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#getting-started
Title
# getting-started
r

reactormonk

07/04/2022, 4:50 PM
How would y'all represent bit fields? Aka convert them to the
Byte
to send them to the wire and back, and preferably a reasonable API along the way.
j

Joffrey

07/04/2022, 4:53 PM
On the API side, probably a set of enum values, which you then convert to/from a byte when exchanging on the wire.
EnumSet
implementation actually does use a bit mask internally IIRC.
k

Klitos Kyriacou

07/04/2022, 5:05 PM
It does, for Enums that have 64 or fewer values.
r

reactormonk

07/04/2022, 5:08 PM
No easy way to push it into a
Byte
though 😞
j

Joffrey

07/04/2022, 5:08 PM
If you associate each value to a bit mask, it's actually not too hard. You can OR all values' masks from the set to create the Byte when sending, and you can AND all values from the enum to find the ones present in a given Byte that you received
r

reactormonk

07/04/2022, 5:14 PM
How would I grab the position of an element of the
Enum
?
j

Joffrey

07/04/2022, 8:32 PM
Well technically even without storing it, there is an
ordinal()
method generated for every enum class that gives the index of the current enum value within the declaration list. But you probably wouldn't use that, and be more explicit instead by declaring a mask like so:
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import java.util.EnumSet
import kotlin.experimental.*

enum class OpParameter(bitPosition: Int) {
    ISO_TYPE_A(0),
    ISO_TYPE_B(1),
    FELICA_212(2),
    FELICA_424(3),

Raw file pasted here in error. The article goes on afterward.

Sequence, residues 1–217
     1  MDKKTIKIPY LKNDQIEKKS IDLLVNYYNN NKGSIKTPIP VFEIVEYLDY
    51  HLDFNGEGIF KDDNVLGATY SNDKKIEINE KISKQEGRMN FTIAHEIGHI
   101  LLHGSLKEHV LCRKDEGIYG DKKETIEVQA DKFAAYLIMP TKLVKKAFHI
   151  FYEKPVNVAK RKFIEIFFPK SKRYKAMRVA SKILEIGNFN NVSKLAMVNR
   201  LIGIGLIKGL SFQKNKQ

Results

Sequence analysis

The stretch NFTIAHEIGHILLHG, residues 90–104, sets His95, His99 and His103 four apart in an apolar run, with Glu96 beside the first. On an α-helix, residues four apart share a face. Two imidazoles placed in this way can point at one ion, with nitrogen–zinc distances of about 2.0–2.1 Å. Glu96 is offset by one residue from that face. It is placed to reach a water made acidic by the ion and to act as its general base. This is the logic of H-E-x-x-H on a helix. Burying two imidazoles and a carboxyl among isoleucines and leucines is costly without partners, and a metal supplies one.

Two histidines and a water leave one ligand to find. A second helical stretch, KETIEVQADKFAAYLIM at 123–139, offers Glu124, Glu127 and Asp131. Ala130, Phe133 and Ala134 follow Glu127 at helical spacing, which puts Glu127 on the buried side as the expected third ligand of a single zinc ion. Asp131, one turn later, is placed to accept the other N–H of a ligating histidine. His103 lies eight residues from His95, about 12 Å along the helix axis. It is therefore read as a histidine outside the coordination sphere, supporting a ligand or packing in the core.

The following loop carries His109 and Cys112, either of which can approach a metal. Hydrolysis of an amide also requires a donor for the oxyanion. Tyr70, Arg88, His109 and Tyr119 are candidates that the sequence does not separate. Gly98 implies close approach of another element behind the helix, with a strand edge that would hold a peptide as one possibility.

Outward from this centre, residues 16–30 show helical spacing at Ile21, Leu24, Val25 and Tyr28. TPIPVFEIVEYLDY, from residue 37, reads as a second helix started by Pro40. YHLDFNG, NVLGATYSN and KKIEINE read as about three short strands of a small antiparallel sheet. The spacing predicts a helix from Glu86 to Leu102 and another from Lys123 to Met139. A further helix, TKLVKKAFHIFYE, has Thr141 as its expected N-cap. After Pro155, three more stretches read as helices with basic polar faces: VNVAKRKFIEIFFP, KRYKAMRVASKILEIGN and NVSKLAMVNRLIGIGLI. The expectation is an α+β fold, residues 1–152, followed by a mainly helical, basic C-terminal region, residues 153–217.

TOPAZ(4),
    CALYPSO(5),
    SRIX(6),
    RFU(7);

    val mask: Byte = (1 shl bitPosition).toByte()
    
    companion object {
        private val values = values()
        
        fun bitMaskToSet(bitMask: Byte) = values.filterTo(EnumSet.noneOf(OpParameter::class.java)) {
            bitMask and it.mask > 0
        }
    }
}

fun Set<OpParameter>.toBitMask(): Byte = fold(0.toByte()) { result, op -> result or op.mask }
See https://pl.kotl.in/7tF9cTjj-
r

reactormonk

07/04/2022, 9:00 PM
Yeah, gotta go explicit, there's a few more positions
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interface Positional {
    abstract val position: Byte
    fun toByte(): Byte =  (1 shl position.toInt()).toByte()
}

enum class PICCOperating(override val position: Byte): Positional {
    ISO14443TypeA(0),
    ISO14443TypeB(1),
    FeliCa212Kbps(2),
    FeliCa424Kbps(3),
    Topaz(4),
    Calypso(5),
    SRIX(6),
}

fun <A> EnumSet<A>.toBitMask(): Byte where A: Enum<A>, A: Positional {
    return fold(0x00.toByte()) { b, e ->
        b or e.toByte()
    }
}
The names are a bit weird, I just copypastad them from the reference manual, easier to recognize that way 😄
thanks for the help!
👍 1
Now I wonder if I can do the other way round except with a ton of
if
statement 🤔
j

Joffrey

07/04/2022, 9:36 PM
I have done that in my example, check the companion. I think you may have missed my initial edit, actually, but interestingly you came up with almost the same code
k

Klitos Kyriacou

07/04/2022, 9:48 PM
The 50-year-old C language has bit fields, like normal Int fields but occupying only a specified number of bits (e.g. 1 bit). Move forward 50 years and we have... not.
r

reactormonk

07/04/2022, 10:06 PM
Not like you need it every day
Ah yeah, gotta go to sleep, thanks for the hint on the companion object 👨‍🦯
e

ephemient

07/05/2022, 6:28 AM
C has bit fields but does not define their layout, so it's not useful for interacting with external data - which is presumably this case
I don't know of many languages that do that in core, aside from Erlang. it turns out that outside of specific fields, it's just not something used very commonly. it's fine for these things to live in non-core libraries instead
r

reactormonk

07/06/2022, 9:25 AM
This works:
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fun bitMaskToSet(bitMask: Byte): EnumSet<AutomaticPPICPolling> =
            values.filterTo(EnumSet.noneOf(AutomaticPPICPolling::class.java)) {
                val toBitMask = it.toBitMask()
                bitMask and toBitMask != 0.toByte()
            }
The
> 0
version behaves incorrectly with
0b10000000
- possibly because of a funny overflow?
e

ephemient

07/06/2022, 5:57 PM
0b10000000 == Byte.MIN_VALUE
is negative
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